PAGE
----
Marker Logo HMdb.org THE HISTORICAL
MARKER DATABASE
“Bite-Size Bits of Local, National, and Global History”
“Bite-Size Bits of Local, National, and Global History”
Boca Chica in Cameron County, Texas — The American South (West South Central)
 

Battle of Palmito Ranch

 
 
Battle of Palmito Ranch Marker image. Click for full size.
By Richard E. Miller, August 10, 2010
1. Battle of Palmito Ranch Marker
Inscription.  The last land engagement of the Civil War was fought near this site on May 12-13, 1865, thirty-four days after Robert E. Lee surrendered at Appomattox.

Col. Theodore H. Barrett commanded Federal troops on Brazos Island 12 miles to the east. The Confederates occupied Fort Brown 12 miles to the west, commanded by Gen. James E. Slaughter and Col. John S. (Rip) Ford, whose troops had captured Fort Brown from the Federals in 1864.

Ordered to recapture the fort, Lt. Col. David Branson and 300 men advanced from Brazos Island. They won a skirmish with Confederate pickets on May 12. Barrett reinforced Branson's troops with 200 men on May 13 and renewed the march to Fort Brown. Confederate cavalry held the Federals in check until Ford arrived with reinforcements that afternoon. Ford's artillery advanced and fired on the northern end of the Federal line while the cavalry charged. The Confederate right charged the southern end of the Federal line and captured part of the Union infantry. Barrett ordered a retreat toward the U.S. position on Brazos Island.

While the Confederates reported no fatalities in the Battle of Palmito Ranch, the
View from the Battle of Palmito Ranch Marker toward Port Isabel and South Padre Island image. Click for full size.
By Richard E. Miller, August 10, 2010
2. View from the Battle of Palmito Ranch Marker toward Port Isabel and South Padre Island
Click or scan to see
this page online
Union forces reported four officers and 111 men killed, wounded or missing.
 
Erected 1990 by Texas Historical Commission. (Marker Number 327.)
 
Topics and series. This historical marker is listed in this topic list: War, US Civil. In addition, it is included in the National Historic Landmarks series list. A significant historical date for this entry is May 12, 1864.
 
Location. 25° 57.692′ N, 97° 18.095′ W. Marker is in Boca Chica, Texas, in Cameron County. Marker can be reached from Boca Chica Boulevard (State Highway 4) 0.1 miles east of Palmito Hill Road, on the right when traveling east. Marker is approximately 12 miles east of Brownsville, Texas and about one mile north of the Rio Grande River. Touch for map. Marker is at or near this postal address: Boca Chica Boulevard, Brownsville TX 78521, United States of America. Touch for directions.
 
Other nearby markers. At least 8 other markers are within 7 miles of this marker, measured as the crow flies. Exploring The Boundaries (here, next to this marker); Palmito Ranch Battlefield: Last Clash of the Blue and the Gray (a few steps from this marker); Last Battle of the Civil War (approx. 0.2 miles away); Divided Loyalties: Hispanics in the Civil War (approx. 0.2 miles away); The High Price of Cotton (approx. 0.2 miles away); a different marker also named The Battle of Palmito Ranch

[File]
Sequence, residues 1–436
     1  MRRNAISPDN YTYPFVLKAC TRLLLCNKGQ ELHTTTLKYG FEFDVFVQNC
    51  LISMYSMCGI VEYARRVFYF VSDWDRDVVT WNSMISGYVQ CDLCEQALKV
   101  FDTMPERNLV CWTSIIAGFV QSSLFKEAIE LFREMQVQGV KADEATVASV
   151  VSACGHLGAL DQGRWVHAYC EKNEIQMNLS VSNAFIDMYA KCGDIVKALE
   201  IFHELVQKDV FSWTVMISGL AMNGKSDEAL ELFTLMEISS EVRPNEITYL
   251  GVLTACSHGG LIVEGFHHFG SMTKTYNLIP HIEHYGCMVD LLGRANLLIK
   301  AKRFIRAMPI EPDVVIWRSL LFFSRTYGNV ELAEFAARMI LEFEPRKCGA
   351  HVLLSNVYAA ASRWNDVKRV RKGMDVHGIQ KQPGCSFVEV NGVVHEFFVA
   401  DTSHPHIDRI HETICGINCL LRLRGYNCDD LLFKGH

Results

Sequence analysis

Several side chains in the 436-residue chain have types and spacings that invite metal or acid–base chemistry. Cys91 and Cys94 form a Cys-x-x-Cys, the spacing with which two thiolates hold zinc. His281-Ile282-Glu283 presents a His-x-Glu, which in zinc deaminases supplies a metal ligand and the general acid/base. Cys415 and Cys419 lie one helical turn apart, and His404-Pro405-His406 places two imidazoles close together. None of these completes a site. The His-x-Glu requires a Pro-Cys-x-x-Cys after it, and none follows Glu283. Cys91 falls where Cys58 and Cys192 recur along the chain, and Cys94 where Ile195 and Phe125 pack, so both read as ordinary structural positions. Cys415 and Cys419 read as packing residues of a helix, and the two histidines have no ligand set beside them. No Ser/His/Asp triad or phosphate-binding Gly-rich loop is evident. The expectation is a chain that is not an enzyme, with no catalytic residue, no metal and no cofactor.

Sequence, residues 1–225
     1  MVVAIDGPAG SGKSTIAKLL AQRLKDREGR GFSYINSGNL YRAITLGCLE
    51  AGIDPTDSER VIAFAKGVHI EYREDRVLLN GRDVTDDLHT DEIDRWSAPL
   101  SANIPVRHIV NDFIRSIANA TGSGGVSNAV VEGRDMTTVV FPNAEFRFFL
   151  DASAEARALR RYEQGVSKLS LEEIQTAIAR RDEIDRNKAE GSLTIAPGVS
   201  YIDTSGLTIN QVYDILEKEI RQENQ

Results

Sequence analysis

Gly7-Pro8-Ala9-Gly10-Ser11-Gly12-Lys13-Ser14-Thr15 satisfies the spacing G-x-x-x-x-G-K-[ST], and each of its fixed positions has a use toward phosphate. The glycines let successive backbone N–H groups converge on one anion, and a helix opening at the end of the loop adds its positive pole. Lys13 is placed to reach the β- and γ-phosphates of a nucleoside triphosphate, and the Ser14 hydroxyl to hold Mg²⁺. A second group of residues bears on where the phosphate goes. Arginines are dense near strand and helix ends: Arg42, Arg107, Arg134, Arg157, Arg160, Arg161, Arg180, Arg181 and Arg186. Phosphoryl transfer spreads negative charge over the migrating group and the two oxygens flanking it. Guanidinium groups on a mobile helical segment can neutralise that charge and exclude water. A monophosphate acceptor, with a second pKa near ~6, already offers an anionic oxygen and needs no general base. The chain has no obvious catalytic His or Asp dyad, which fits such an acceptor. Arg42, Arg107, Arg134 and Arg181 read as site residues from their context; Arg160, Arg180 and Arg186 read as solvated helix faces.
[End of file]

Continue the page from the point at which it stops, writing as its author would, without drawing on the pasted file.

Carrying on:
Battle of Palmito Ranch Marker image. Click for full size.
By Richard E. Miller, August 10, 2010
3. Battle of Palmito Ranch Marker
(approx. 0.2 miles away); Site of Camp Belknap (approx. 4˝ miles away); Port of Brownsville (approx. 6.9 miles away).
 
More about this marker. Designated National Historic Landmark, 1997.
 
Also see . . .
1. Handbook of Texas History. (Submitted on September 3, 2010, by Richard E. Miller of Oxon Hill, Maryland.)
2. Battle of Palmito Ranch. (Submitted on September 4, 2010, by Richard E. Miller of Oxon Hill, Maryland.)
 
Additional commentary.
1.
The Confederate forces were helped in this one sided engagement by the loan of artillery pieces from the French army who were occupying Matamoros at that time. Note To Editor only visible by Contributor and editor    
    — Submitted February 25, 2012, by Joseph P. Linck of Brownsville, Texas.

 
Additional keywords. 34th Indiana Veteran Infantry Regiment; 61st U.S. Colored Infantry; USCT; Trans-Mississippi Theater; John J. Williams.
 
Palmito Trees near marker image. Click for full size.
By Richard E. Miller, August 10, 2010
4. Palmito Trees near marker
Pvt. John J. Williams, 34th Indiana Regiment:<br> the last soldier to die in the American Civil War image. Click for full size.
5. Pvt. John J. Williams, 34th Indiana Regiment:
the last soldier to die in the American Civil War
- May 13, 1865, at the Battle of Palmito Ranch, Texas.
 
 
Credits. This page was last revised on January 15, 2021. It was originally submitted on September 3, 2010, by Richard E. Miller of Oxon Hill, Maryland. This page has been viewed 2,159 times since then and 37 times this year. Photos:   1. submitted on September 3, 2010, by Richard E. Miller of Oxon Hill, Maryland.   2, 3. submitted on September 4, 2010, by Richard E. Miller of Oxon Hill, Maryland.   4. submitted on September 3, 2010, by Richard E. Miller of Oxon Hill, Maryland.   5. submitted on September 4, 2010, by Richard E. Miller of Oxon Hill, Maryland. • Craig Swain was the editor who published this page.

Share This Page.  
Share on Tumblr
m=35271

Paid Advertisement
May. 8, 2021